As Hold on General Nominations Persists, 100-Plus USAF and USSF Officers Remain Frozen

With the retirement of Army Chief of Staff Gen. James C. McConville on Aug. 4, two positions on the Joint Chiefs of Staff do not have a Senate-confirmed replacement, and more than 300 general and flag officer nominations remain in limbo while Sen. Tommy Tuberville (R-Ala.) continues to protest the Department of Defense’s reproductive health policies with a legislative hold.

As of Aug. 8, Tuberville’s hold on unanimous consent confirmation for general and flag officers is affecting 301 nominations pending before the Senate. More than a third of those affected officers are from the Air Force and Space Force.

According to Pentagon data, 73 pending nominations are from the Air Force, 25 for the Air Force Reserve, and eight for the Space Force—106 total. The Department of Air Force says nearly two dozen are for three-and-four star positions.

Some generals actually have two separate nominations pending. Brig. Gen. Dale R. White has been nominated to move up two ranks, and Air Force Maj. Gen. Shawn Bratton has been nominated for a third star and to become deputy chief of space operations for strategy, plans, programs, and requirements, meaning he must transfer from two-star Airman to two-star Guardian, then be promoted.

At the moment, however, they’re stuck waiting, and with the Senate out of session until September, a resolution is still weeks away at best.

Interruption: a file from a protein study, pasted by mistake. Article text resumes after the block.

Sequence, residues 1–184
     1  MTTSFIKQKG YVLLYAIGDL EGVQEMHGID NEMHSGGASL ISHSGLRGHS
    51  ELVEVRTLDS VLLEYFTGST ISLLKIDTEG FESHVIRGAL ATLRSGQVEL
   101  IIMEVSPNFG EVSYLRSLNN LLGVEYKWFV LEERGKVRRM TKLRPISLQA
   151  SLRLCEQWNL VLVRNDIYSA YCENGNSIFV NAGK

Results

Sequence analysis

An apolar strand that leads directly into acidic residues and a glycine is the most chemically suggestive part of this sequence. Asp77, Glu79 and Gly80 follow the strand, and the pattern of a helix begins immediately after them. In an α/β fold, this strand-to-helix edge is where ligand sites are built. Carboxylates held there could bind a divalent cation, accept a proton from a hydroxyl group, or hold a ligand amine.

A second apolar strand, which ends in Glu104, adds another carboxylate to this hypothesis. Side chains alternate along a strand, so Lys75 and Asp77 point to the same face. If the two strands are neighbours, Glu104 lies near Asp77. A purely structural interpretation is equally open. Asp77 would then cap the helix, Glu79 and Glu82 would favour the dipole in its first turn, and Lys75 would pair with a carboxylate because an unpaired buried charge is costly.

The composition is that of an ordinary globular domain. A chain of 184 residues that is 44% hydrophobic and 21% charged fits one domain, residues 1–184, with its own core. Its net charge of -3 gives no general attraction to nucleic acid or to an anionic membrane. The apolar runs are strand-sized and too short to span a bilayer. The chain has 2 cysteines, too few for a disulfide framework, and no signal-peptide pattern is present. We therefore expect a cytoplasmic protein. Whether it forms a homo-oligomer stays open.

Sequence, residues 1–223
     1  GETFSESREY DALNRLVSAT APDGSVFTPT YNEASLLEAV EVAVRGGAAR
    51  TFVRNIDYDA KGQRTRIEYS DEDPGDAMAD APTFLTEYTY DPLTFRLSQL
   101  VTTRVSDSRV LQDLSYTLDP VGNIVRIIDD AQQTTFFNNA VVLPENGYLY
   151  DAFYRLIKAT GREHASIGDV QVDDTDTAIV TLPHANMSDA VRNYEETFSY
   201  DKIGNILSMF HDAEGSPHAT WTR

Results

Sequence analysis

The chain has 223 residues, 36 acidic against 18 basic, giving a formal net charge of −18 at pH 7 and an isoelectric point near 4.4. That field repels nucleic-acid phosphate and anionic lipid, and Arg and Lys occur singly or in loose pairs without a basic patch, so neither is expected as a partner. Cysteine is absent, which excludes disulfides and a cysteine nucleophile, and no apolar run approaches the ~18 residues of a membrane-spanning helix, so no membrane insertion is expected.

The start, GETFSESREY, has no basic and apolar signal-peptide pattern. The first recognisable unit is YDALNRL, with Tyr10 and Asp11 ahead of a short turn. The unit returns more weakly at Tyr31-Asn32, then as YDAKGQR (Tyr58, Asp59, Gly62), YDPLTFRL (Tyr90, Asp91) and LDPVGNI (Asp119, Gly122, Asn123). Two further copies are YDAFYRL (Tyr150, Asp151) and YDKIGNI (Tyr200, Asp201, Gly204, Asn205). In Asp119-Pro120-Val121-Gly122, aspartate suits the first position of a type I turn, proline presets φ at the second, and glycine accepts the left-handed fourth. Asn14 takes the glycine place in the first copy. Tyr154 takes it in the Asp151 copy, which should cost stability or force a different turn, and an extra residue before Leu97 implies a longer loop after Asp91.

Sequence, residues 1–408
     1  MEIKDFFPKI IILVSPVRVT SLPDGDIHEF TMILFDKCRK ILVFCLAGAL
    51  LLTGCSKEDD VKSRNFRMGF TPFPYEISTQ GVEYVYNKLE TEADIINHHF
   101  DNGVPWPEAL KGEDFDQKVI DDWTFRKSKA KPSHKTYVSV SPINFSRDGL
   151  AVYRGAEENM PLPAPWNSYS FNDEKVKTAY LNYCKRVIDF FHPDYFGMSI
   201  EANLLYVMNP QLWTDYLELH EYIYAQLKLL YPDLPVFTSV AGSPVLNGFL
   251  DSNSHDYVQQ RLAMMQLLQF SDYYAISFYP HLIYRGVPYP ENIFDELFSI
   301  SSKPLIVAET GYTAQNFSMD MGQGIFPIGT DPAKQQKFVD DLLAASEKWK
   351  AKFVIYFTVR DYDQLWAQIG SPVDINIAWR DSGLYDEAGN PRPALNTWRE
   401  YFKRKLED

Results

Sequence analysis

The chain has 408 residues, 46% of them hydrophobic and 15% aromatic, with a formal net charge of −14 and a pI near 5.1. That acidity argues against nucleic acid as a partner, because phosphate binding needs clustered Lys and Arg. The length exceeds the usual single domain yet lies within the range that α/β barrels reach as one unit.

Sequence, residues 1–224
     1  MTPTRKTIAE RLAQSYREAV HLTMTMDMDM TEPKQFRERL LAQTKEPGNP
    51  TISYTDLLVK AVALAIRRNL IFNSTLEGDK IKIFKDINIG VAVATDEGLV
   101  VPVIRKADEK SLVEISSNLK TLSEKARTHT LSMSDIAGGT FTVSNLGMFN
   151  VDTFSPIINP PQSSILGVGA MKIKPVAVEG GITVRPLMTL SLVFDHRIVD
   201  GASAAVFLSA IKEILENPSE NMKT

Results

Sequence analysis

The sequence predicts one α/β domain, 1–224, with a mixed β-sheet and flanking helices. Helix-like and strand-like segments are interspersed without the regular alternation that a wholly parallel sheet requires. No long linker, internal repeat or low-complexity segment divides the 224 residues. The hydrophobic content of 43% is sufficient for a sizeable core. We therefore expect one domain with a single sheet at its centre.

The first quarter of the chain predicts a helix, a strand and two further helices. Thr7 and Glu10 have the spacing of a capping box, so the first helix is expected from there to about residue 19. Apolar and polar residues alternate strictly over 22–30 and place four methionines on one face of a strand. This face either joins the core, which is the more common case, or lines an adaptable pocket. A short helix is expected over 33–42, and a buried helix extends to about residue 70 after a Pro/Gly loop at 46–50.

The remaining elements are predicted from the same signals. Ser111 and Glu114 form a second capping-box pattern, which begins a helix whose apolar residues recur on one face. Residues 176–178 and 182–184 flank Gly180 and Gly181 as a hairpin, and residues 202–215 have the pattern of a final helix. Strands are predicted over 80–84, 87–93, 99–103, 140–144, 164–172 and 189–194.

In the meantime, most officials have to stay in place. For example, Air Force major commands, such as Air Combat Command and Pacific Air Forces, are in limbo. Gen. Kenneth D. Wilsbach, the current head of PACAF, has been nominated to head ACC. But he cannot replace Gen. Mark D. Kelly until confirmed, forcing Kelly to stay on at ACC for now, without a clear timeframe on when the situation might be resolved.

“Largely speaking, if it's a Senate-confirmed position for example, three-to-four star, there would be a lot of situations where you would hold in place until you're confirmed, unless there's permission to act in an acting capacity,” Pentagon Press Secretary Air Force Brig. Gen. Patrick S. Ryder told reporters Aug. 7.

In high-profile positions on the Joint Chiefs of Staff, though, leaders are term-limited, leading to situations like McConville’s retirement without a confirmed successor.

McConville’s deputy, Gen. Randy A. George, has been nominated to succeed him but is now serving in an acting role. The Marine Corps is currently being led by assistant commandant Gen. Eric M. Smith on an acting basis—Smith has also been nominated to take over the top job but is still awaiting confirmation to replace now retired Gen. David H. Berger.

In the hallway of the Pentagon housing the Joint Chiefs of Staff, McConville's portrait was recently removed, joining the blank space vacated by Berger. Chief of Naval Operations Adm. Michael M. Gilday will retire later this month, leaving the Navy without a Senate-confirmed boss.

Portraits of members of Joint Chiefs of Staff pictured at the Pentagon, Aug. 7, 2023. Photo by Chris Gordon/Air & Space Forces Magazine